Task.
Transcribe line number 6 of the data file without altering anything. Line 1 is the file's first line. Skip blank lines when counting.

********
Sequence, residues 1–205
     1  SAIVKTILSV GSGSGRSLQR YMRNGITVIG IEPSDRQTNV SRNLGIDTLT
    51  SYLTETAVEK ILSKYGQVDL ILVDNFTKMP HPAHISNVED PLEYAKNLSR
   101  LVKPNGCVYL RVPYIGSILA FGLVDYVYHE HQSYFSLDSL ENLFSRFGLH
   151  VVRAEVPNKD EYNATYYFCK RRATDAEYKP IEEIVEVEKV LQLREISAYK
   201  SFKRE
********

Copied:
   201  SFKRE